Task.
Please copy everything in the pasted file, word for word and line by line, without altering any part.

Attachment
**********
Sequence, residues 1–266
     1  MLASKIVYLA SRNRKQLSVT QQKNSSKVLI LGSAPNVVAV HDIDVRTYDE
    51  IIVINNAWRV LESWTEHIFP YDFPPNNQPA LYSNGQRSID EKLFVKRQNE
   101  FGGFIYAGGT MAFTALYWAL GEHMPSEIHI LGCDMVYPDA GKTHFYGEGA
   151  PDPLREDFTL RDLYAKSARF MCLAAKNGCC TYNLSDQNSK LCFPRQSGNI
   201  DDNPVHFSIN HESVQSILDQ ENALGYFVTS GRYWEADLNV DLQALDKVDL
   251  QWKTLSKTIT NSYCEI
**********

Sequence, residues 1–266
     1  MLASKIVYLA SRNRKQLSVT QQKNSSKVLI LGSAPNVVAV HDIDVRTYDE
    51  IIVINNAWRV LESWTEHIFP YDFPPNNQPA LYSNGQRSID EKLFVKRQNE
   101  FGGFIYAGGT MAFTALYWAL GEHMPSEIHI LGCDMVYPDA GKTHFYGEGA
   151  PDPLREDFTL RDLYAKSARF MCLAAKNGCC TYNLSDQNSK LCFPRQSGNI
   201  DDNPVHFSIN HESVQSILDQ ENALGYFVTS GRYWEADLNV DLQALDKVDL
   251  QWKTLSKTIT NSYCEI